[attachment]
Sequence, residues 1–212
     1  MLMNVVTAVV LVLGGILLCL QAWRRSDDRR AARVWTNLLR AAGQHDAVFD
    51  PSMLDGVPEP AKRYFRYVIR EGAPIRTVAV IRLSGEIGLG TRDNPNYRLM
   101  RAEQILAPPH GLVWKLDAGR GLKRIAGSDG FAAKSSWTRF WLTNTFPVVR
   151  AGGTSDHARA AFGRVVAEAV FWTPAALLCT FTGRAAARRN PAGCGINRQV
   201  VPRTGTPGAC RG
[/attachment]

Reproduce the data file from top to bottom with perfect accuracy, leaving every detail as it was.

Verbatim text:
Sequence, residues 1–212
     1  MLMNVVTAVV LVLGGILLCL QAWRRSDDRR AARVWTNLLR AAGQHDAVFD
    51  PSMLDGVPEP AKRYFRYVIR EGAPIRTVAV IRLSGEIGLG TRDNPNYRLM
   101  RAEQILAPPH GLVWKLDAGR GLKRIAGSDG FAAKSSWTRF WLTNTFPVVR
   151  AGGTSDHARA AFGRVVAEAV FWTPAALLCT FTGRAAARRN PAGCGINRQV
   201  VPRTGTPGAC RG